Nothing in this Order prohibits Plaintiffs from pursuing any other remedies or rights they may have, including claims for monetary damages or claims under the Force Majure provision of the Ground Leases, resulting from these or other breaches by Defendants of Plaintiffs' rights and/or the Ground Leases.

On April 16, 2007, appellants delivered estoppel certificates to appellees along with a cover letter reserving all rights under all agreements and all rights that they had asserted in the litigation. Appellees' position was that the certificates did not comply with the terms of the leases, and no one, including lenders, could or would rely on them.

On April 11, 2007, appellants appealed to this Court, arguing that the circuit court had erred in issuing the injunction and in granting summary judgment. In an unreported opinion, this Court affirmed the judgment. Camalier Limited P'ship v. RSC Tower I, LLC, No. 2704, September Term 2006 (Md.Ct.Spec.App. Aug. 4, 2008). On September 3, 2008, this Court issued its mandate. After issuance of the mandate, appellants abandoned their challenge to the county approvals of the project.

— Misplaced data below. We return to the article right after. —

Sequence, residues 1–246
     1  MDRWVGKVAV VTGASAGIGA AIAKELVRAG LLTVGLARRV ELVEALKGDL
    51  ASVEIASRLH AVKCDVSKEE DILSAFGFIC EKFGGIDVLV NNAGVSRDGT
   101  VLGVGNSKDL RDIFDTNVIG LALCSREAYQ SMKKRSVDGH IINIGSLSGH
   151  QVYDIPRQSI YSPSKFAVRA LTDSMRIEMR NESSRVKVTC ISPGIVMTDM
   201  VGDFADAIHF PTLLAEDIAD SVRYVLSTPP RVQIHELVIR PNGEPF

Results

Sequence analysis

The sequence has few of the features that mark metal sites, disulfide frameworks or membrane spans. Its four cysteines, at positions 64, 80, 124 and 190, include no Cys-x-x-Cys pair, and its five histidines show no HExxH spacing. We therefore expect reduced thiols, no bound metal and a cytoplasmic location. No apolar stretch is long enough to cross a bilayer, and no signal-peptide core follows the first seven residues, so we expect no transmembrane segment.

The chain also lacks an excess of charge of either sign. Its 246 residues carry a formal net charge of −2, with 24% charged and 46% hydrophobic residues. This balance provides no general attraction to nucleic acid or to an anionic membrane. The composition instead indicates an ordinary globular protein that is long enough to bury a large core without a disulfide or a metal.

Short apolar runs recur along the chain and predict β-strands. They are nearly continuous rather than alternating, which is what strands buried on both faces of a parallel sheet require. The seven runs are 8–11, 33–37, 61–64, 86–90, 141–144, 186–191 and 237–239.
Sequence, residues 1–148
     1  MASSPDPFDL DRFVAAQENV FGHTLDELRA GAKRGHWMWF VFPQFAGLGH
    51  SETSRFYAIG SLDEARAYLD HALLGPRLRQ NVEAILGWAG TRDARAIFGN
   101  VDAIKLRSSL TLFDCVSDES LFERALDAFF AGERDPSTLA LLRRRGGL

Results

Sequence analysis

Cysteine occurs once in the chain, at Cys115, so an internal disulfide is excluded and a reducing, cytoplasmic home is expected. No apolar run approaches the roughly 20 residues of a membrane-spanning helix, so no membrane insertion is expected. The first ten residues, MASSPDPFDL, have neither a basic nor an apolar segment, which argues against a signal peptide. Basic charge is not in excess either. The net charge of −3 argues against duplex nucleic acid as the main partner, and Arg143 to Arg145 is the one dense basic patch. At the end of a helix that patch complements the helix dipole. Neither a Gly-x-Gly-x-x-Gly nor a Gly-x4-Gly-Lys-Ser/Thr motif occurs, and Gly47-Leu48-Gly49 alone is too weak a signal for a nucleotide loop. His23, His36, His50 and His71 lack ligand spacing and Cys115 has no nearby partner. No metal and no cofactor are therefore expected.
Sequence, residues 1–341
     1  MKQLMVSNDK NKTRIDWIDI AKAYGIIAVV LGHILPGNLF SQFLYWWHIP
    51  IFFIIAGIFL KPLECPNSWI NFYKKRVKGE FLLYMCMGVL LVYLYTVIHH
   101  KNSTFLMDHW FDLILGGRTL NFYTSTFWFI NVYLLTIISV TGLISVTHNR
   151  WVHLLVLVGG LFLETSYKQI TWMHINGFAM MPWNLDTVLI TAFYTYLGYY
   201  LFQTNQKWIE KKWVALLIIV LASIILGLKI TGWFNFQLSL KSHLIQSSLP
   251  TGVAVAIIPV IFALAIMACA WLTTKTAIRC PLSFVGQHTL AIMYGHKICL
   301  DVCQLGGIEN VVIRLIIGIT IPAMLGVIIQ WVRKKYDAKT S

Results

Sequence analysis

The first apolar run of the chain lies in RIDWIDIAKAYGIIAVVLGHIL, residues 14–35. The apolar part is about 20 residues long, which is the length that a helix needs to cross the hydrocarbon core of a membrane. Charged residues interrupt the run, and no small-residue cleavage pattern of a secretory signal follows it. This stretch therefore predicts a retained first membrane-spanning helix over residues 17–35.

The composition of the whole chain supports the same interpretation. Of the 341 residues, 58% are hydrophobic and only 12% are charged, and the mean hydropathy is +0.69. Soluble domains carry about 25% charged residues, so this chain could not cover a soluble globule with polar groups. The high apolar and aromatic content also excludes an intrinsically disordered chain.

On September 8, 2008, in the 2006 action, appellees filed an Amendment by Interlineation of Plaintiffs' Amended Verified Complaint” and a Motion for Supplemental Relief.” In the amendment by interlineation, appellees amended their requests for relief, to include, for the first time, a claim for monetary damages “in an amount no less than $30 million, plus interest” and the costs and expenses of litigation including attorneys' fees, to adjust the terms of the ground leases and certain due dates in the ground leases, and to suspend appellees' payment obligations under the leases pending the obtainment of financing.

In the motion for supplemental relief, appellees, inter alia, alleged that the real estate and credit markets had deteriorated subsequent to the April 4, 2007 order and appellees had not been able to obtain financing for the apartment project. In addition, they alleged that Montgomery County no longer considered its prior approvals of the project to be valid. Appellees requested monetary damages and supplemental equitable relief. Appellees' requests tracked the amended requests for relief in the amendment by interlineation. Appellees also asked the court to extend the due dates contained in the leases and to require appellants to pay certain fees and costs while appellees determined whether the project was still viable.

On December 23, 2008, appellants filed a motion to dismiss or, in the alternative, to strike appellees' amendment by interlineation and appellees' motion for supplemental relief. The memorandum in support of that motion is not in the record extract, but we assume that at least one of the grounds argued was that the requested relief was not available procedurally in the 2006 action.

On March 3, 2009, appellees filed a new complaint against appellants in the Circuit Court for Montgomery County (the 2009 action). On December 8, 2009, appe...